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Gallery: Tinkoff-Saxo complete Kilimanjaro challenge

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Soigneurs Peter de Connick and Lynda Cossard take a picture with their guide

Soigneurs Peter de Connick and Lynda Cossard take a picture with their guide
(Image credit: BreakThrough Media)
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(Image credit: BreakThrough Media)
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Alberto Contador with teammate Jesus Hernandez and mechanis Luis Comes

Alberto Contador with teammate Jesus Hernandez and mechanis Luis Comes
(Image credit: BreakThrough Media)
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Some much-needed food

Some much-needed food
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It's no michelin starred restaurant

It's no michelin starred restaurant
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The team were trekking for five days

The team were trekking for five days
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(Image credit: BreakThrough Media)
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(Image credit: BreakThrough Media)
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Ivan Basso signs in at camp

Ivan Basso signs in at camp
(Image credit: BreakThrough Media)
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Ivan Basso reunited with Bjarne Riis

Ivan Basso reunited with Bjarne Riis
(Image credit: BreakThrough Media)
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Directeur sportif Steven de Jongh

Directeur sportif Steven de Jongh
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Bed for the night

Bed for the night
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Alberto Contador looks happy thus far

Alberto Contador looks happy thus far
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Sunrise from the mountain

Sunrise from the mountain
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It wasn't just the climb that was breath-taking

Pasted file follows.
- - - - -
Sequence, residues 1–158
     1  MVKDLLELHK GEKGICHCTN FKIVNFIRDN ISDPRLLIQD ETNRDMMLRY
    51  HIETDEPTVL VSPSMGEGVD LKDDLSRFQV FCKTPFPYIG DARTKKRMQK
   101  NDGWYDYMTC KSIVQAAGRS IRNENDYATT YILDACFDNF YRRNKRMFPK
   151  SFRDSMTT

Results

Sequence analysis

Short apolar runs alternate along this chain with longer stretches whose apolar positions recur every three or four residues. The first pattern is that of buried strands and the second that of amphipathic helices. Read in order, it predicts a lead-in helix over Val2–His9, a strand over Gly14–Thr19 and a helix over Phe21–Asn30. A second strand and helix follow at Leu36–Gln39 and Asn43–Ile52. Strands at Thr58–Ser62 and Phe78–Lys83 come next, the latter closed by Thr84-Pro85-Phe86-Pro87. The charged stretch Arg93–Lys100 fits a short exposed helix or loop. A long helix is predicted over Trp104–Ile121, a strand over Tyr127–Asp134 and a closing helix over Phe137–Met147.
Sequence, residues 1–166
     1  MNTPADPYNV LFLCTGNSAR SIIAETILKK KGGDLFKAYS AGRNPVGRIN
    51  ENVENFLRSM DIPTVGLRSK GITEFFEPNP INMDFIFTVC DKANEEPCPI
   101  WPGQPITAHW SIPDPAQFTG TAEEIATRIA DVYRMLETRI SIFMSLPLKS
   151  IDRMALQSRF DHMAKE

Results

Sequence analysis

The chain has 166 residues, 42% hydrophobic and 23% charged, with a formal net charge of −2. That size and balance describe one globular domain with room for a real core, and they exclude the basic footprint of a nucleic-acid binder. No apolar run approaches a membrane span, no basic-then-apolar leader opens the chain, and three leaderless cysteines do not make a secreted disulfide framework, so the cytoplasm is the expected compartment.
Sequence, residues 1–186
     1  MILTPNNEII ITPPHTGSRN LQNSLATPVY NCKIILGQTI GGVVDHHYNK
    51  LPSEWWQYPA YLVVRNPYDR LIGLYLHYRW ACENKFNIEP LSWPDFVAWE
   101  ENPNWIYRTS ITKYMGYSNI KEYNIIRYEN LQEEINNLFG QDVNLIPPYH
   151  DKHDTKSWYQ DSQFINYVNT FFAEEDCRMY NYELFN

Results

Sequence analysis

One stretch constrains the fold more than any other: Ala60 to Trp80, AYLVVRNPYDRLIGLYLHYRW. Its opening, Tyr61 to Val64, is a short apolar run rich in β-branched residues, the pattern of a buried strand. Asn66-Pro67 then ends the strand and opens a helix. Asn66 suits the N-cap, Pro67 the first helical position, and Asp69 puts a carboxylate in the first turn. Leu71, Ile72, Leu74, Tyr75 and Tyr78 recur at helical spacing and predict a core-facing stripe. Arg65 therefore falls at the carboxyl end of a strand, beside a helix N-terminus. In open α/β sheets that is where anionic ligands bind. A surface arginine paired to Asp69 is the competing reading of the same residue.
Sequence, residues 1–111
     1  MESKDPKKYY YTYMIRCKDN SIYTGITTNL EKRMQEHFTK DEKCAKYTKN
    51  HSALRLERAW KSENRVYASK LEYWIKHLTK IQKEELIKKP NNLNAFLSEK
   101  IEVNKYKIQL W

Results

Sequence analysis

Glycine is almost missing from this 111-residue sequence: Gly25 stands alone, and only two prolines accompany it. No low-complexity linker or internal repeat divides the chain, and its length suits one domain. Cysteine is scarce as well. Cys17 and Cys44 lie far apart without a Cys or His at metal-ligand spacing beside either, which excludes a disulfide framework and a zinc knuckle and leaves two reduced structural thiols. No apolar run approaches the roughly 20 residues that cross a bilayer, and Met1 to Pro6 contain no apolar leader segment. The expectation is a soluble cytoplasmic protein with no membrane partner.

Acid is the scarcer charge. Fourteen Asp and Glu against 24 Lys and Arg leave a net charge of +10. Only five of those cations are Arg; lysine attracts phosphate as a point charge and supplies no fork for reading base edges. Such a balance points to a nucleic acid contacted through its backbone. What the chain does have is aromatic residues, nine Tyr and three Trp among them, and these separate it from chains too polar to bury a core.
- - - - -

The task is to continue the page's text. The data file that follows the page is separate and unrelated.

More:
It wasn't just the climb that was breath-taking
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Queing up to take souvenir pictures

Queing up to take souvenir pictures
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The guides helped the team up the mountain

The guides helped the team up the mountain
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(Image credit: BreakThrough Media)
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Peter Sagan looks fairly relaxed on the trek

Peter Sagan looks fairly relaxed on the trek
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Alberto Contador and Bruno Pires

Alberto Contador and Bruno Pires
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(Image credit: BreakThrough Media)
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Alberto Contador and his teammates take in the necessary nourishment

Alberto Contador and his teammates take in the necessary nourishment
(Image credit: BreakThrough Media)
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Alberto Contador and Peter Sagan took time to take a picture with local riders

Alberto Contador and Peter Sagan took time to take a picture with local riders
(Image credit: BreakThrough Media)
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Focussing on the task at hand

Focussing on the task at hand
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(Image credit: BreakThrough Media)